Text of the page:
Love grows. It might seem unimaginable that there is space in your heart to love more, yet that space is created. Think about the love you have for your partner. For most of us, that love didn’t happen overnight. It might have started as a kernel we thought of as friendship or attraction. It expanded to respect and caring before one day, when we might not have been consciously aware, it became love.

When you have a child and are contemplating a second, a common fear is, “Will I have enough love for another child?” This same fear is echoed for those that don’t have a living child, but who’s first baby died too soon. Will there be enough space to hold and love another? Is there room to love, when that means risking your heart to potential pain? A common concern I hear from baby loss moms is that will loving another, or even opening up to the possibility of another pregnancy diminish the love that I had for my baby that I lost? Somehow, the notion of ceasing to feel the pain of grief gets equated to the idea that the love also ceases. As if the softening of the grief pangs echo the idea of forgetting.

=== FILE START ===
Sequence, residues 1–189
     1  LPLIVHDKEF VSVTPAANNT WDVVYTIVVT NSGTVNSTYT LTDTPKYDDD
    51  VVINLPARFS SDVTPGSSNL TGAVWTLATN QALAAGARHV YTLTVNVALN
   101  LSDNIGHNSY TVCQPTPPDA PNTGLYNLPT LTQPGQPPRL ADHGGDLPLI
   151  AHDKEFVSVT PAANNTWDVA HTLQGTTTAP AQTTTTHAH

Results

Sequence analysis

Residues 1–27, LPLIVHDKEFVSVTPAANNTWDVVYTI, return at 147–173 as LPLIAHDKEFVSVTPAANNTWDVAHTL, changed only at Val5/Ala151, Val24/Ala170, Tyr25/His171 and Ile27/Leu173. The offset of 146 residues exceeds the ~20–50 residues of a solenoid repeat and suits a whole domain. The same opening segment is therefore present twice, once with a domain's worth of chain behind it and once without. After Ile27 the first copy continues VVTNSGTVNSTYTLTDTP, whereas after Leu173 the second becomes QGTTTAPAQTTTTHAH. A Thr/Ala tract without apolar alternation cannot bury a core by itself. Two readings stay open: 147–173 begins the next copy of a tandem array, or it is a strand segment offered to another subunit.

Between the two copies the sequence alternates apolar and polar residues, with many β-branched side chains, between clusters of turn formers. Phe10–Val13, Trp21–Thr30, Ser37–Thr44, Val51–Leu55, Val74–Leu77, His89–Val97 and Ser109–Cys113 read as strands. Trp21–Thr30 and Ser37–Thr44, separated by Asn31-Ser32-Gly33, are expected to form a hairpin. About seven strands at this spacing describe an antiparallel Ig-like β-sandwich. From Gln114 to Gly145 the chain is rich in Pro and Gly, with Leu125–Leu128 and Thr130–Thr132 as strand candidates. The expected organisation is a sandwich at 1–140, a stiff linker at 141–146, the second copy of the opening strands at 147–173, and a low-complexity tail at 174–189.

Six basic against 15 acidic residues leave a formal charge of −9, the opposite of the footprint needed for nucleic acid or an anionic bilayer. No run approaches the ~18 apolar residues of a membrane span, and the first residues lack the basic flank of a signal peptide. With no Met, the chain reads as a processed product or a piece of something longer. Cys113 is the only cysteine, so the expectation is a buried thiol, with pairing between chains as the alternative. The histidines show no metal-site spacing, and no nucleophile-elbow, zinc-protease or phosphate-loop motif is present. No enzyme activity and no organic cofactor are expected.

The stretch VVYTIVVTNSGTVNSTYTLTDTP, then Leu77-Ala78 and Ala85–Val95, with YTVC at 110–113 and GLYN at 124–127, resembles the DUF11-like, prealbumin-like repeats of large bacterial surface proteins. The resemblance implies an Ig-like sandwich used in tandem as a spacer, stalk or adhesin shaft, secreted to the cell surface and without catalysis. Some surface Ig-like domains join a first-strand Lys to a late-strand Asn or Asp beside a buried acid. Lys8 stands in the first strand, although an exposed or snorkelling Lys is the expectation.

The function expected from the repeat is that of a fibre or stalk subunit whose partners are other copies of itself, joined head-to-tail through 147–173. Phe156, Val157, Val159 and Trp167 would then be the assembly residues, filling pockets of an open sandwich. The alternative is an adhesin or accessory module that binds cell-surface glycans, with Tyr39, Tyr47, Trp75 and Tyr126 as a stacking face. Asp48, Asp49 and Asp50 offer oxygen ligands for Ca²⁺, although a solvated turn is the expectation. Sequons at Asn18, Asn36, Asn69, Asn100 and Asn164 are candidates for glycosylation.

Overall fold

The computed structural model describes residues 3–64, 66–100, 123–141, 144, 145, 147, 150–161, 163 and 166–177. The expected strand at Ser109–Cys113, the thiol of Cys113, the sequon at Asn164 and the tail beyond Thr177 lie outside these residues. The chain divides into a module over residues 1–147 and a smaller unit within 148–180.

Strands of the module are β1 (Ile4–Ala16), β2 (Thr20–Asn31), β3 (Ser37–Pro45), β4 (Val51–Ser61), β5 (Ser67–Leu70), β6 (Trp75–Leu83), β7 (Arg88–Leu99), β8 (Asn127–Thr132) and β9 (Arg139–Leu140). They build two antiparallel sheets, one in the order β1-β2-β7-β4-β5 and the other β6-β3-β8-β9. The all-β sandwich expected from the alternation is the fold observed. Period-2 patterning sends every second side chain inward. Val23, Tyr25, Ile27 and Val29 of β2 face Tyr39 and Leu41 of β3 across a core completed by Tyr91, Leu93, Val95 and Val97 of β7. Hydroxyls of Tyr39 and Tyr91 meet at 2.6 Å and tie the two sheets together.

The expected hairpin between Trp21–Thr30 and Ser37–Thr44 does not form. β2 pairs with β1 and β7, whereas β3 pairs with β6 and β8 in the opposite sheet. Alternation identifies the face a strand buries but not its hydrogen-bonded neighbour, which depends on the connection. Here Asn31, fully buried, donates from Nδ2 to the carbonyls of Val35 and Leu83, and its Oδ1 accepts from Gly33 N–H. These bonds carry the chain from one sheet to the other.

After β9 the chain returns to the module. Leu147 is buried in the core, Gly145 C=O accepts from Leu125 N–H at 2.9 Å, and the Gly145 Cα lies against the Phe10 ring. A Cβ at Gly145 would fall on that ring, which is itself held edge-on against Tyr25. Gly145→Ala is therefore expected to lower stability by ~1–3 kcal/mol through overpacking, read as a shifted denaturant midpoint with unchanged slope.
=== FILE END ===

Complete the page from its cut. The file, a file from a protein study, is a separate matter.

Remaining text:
Neither is true: grief is not forgotten even though it might not be felt as acutely. This can be a hard thing to think about as the one tie that remains of a baby is that sadness. The idea of holding onto the excitement of potential as a way of also expressing love—both for the baby you lost and for the baby you are working to create—might be a hard thought. It is because of the love you had for the first baby that you are willing to take on the risk to experience that joy again. You are willing to take on the risk for the potential heartbreak and heartache that children cause—both living and deceased. The love you have for your lost child is built upon and expands for the love that you will have for this future baby.

We are fortunate that love grows, because as it does, so do we.

*Photo Source: “*heart*” by Britt-knee at Flickr, licensed with Creative Commons 2.0

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